The mainstay of our Keto life are the amazing keto rolls.  When people ask “what is keto?”, rather than tell them what we don’t eat, we give them some crispy bacon in a keto roll, and tell them that this is what we do eat (plenty of butter on the roll, too).

Then we tell them that there’s no flour or sugar in the roll.  It tends to go easily after that!Keto Rolls 01 Keto Rolls 02 Keto Rolls 03

To get our version of the recipe, right click here: Keto Rolls, and select “Save As” (or whatever your browser says).  There are many other versions!

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Update!

It turns out that Susan has a new preferred keto roll recipe from nutritional blogger Maria Emmerich.  Susan says that the recipe above is good, but not reliable.  Sometimes the rolls are fine (just look at them in those pictures!) and sometimes they come out looking like … well, sort of flattened pancakes.  And solid!

Here’s Maria, making keto bread:

[vimeo clip_id="68001848"]

And you can find more details of Maria’s recipe on her blog page “Toasted Sub Sandwich and Panini” (Scroll down until you get to: “HEALTHIFIED” SUB (June 2013 update!)).

Here’s a PDF of our version of Maria’s recipe (right click and “save as” here).

… and my ultimate in gastro-gasmic gustatory heaven is to slice a keto roll and put the two pieces, cut side down in the frying pan while cooking the bacon!

I have never had a guest post on Live Free From Obesity before, but my FB friend, Deborah Dunkerton, posted this on the Ketogenic Diet Group on Facebook and I thought it was so good, I asked her to allow me to post it as a guest post.  Over to you, Deborah:

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16 July 02:55
This will be long winded ;)

Reading James’s post and seeing the comments about cholesterol give me this funny little eye twitch.

First a disclaimer: I am not a professional on this subject but I have studied it INTENSIVELY for more than five years, and I discount any silly sensationalist web sites that make wild claims, I zero in on rational valid studies and even then I’ve spent hours pulling apart the data to draw my own conclusions.

Time for a little cholesterol 101.

Traditional western medicine would have you believe your body is some kind of ticking time bomb primed to self-destruct at any time. Why this is I’m not sure; I’m not one for conspiracy theories but it is in their interest to make you believe that you can’t possibly survive without their help or intervention.

Contrary to that philosophy, CAM (Complementary Alternative Medicine) will tell you that your body is an amazing machine capable of healing itself from just about anything, given the right fuel.

Humans are the most adaptable higher-order animals on the planet: we survive on every continent in every extreme. We can eat anything, from insects to elephants.  The only thing we can’t digest is grass, but we can eat the things that eat the grass.

Because of this adaptability and our superior brain capacity, we have thrived for millennia to become the dominant species on the planet–keep that in mind the next time your doctor tells you to eat some processed chemical-laden food to keep you healthy.

So to cholesterol: cholesterol is essential for just about every function of the human body, for healing, hormone regulation and nervous function.

Without it, you’re dead.

Your body doesn’t produce cholesterol as some kind of self-destruct mechanism, it produces what it needs in response to the requirements of your body – if your cholesterol is high IT’S HIGH FOR A REASON and that almost certainly will not be because you ate too much butter.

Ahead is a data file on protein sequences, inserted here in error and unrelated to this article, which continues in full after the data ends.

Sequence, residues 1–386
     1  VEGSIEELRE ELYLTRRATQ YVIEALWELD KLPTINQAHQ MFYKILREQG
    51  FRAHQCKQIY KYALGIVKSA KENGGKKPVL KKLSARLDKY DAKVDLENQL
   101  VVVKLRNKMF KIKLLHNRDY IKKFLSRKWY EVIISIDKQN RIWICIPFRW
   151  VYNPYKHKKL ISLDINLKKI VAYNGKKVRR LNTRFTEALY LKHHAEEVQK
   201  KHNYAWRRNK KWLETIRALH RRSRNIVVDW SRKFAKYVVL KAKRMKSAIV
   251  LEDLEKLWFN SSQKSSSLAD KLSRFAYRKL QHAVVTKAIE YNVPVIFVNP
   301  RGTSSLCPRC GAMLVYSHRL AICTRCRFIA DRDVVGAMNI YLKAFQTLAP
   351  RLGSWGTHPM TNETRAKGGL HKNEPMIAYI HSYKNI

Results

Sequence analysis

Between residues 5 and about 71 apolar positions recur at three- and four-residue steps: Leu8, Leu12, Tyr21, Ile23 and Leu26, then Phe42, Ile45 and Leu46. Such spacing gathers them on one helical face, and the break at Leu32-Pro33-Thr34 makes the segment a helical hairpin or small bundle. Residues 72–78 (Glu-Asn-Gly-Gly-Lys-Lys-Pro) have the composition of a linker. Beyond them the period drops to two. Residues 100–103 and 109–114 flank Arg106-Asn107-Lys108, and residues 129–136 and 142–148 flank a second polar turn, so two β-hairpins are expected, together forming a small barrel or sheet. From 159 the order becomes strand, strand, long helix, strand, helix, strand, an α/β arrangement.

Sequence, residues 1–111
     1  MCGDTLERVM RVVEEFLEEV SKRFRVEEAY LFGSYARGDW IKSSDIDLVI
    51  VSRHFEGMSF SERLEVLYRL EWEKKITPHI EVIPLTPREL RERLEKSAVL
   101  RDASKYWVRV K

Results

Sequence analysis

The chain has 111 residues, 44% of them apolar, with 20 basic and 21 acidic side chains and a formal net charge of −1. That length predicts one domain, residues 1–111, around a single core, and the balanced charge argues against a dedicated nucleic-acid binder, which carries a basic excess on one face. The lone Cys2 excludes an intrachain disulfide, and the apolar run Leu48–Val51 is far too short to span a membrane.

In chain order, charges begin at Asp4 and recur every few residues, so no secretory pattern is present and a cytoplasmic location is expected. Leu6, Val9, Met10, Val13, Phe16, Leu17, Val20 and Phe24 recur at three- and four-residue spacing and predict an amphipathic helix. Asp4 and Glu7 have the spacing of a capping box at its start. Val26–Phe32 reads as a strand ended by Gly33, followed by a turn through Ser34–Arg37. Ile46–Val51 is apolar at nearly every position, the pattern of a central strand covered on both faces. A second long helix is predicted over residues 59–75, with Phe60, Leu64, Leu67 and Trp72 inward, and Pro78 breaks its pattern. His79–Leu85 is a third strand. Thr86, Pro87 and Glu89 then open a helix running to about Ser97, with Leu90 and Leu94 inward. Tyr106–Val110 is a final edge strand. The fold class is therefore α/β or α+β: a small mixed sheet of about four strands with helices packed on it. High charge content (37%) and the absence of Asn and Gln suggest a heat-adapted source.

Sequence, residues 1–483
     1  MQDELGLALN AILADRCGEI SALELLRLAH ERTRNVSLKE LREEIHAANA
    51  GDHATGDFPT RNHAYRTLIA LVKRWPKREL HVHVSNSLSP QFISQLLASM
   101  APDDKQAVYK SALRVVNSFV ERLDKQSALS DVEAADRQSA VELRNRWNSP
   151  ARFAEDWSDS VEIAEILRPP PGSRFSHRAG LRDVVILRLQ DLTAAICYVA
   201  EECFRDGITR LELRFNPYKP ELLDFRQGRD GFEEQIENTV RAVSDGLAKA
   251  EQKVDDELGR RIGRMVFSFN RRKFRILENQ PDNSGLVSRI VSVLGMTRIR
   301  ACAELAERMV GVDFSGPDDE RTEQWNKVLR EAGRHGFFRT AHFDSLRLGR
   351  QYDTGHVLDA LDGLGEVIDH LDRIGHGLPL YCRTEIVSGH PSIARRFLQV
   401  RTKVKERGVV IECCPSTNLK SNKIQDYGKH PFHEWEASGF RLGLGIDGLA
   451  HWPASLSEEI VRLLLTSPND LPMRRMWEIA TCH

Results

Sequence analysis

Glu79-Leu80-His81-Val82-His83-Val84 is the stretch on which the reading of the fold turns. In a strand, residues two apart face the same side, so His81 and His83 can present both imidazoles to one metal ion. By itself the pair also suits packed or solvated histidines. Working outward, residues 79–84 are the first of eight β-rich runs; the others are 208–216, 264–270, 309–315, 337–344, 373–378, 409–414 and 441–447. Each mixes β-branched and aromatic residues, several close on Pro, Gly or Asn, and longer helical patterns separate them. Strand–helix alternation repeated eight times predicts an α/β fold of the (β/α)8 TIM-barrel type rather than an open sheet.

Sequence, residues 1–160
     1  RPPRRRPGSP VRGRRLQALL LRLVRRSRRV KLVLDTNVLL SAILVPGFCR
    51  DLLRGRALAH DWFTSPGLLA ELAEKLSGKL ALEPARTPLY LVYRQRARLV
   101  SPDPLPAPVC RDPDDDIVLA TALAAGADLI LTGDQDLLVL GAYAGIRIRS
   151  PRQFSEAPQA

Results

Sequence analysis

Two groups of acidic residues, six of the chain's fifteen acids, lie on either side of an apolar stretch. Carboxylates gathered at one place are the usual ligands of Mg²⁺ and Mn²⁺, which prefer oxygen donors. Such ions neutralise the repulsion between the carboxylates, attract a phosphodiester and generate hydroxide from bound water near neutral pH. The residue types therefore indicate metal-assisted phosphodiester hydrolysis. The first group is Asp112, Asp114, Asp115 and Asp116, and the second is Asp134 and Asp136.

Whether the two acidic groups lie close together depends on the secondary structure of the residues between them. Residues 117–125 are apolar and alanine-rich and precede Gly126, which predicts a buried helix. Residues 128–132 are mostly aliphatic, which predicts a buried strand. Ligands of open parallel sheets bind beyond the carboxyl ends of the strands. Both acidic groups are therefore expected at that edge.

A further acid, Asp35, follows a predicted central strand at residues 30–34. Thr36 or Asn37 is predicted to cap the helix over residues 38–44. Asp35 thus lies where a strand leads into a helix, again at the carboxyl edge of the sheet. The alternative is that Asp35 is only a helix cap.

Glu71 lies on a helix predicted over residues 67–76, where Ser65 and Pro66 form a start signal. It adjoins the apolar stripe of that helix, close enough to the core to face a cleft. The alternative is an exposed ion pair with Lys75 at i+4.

The vast majority of cholesterol in your body is produced by your own liver (more than 95% IIRC [James: I think it's more like 80%, but who's quibbling?]), a tiny proportion comes from ingested cholesterol but is normally excreted, and cholesterol has too many specific functions for the body to simply use the cholesterol from another species or plant.

Cholesterol is essential for healthy cardiovascular function – and here is where the issue arises. To cut a long explanation short, your body uses cholesterol to deal with inflammation in your arteries, the cholesterol is not a bystander but it’s also not the cause. When artery walls become inflamed (imagine rubbing them with sandpaper) your liver produces a special kind of cholesterol to smooth and cover the damage, cells then grow over that smoothed layer and the cholesterol is trapped in the artery walls. If you don’t address the cause of the inflammation the body continues to smooth over the damage resulting in a thickening of the artery walls and eventually blockage. Researchers find cholesterol at the site of arterial sclerosis and blame the cholesterol but really that’s like shooting the fireman at the scene of a fire.

To complicate matters further small particle LDL (oxidized cholesterol) tends to get trapped in these narrowed arterial sections exacerbating the problem.

So what is the real cause of arterial inflammation?

High blood sugar is the first culprit and polyunsaturated fatty acids (PUFA) are now thought to be another culprit (seed oils like sunflower and canola). So the very diet they tell you to eat to avoid heart disease actually causes it in the first place.

If your cholesterol is high you need to go look for the reasons.  It takes a good six months on a ketogenic diet to bring cholesterol levels down to normal, and this depends on you not having any other inflammatory processes as well. Myself for instance, I have a food intolerance, my C reactive protein and cholesterol skyrocketed when that manifested itself quite suddenly after a period of intense stress and a bout of shingles. These days my cholesterol sits slightly above normal because I continue to deal with the food intolerance (which ironically involves green vegetables), but I look on that as fine: it means my body is dealing with the issue.

Another issue and the one that makes my eye twitch go crazy is Statins. [James: me too--"On Statins, Cholesterol and the Like"]

My personal opinion is that taking statins to reduce cholesterol is borderline malpractice.

Even disregarding the issue of messing with a perfectly-tuned system of hormone balance, statins stop the body’s production of CoQ10 which is essential for cardiac health. On top of that, you leave yourself open to liver damage, onset of T2 diabetes, nerve damage, impaired brain function and muscle damage.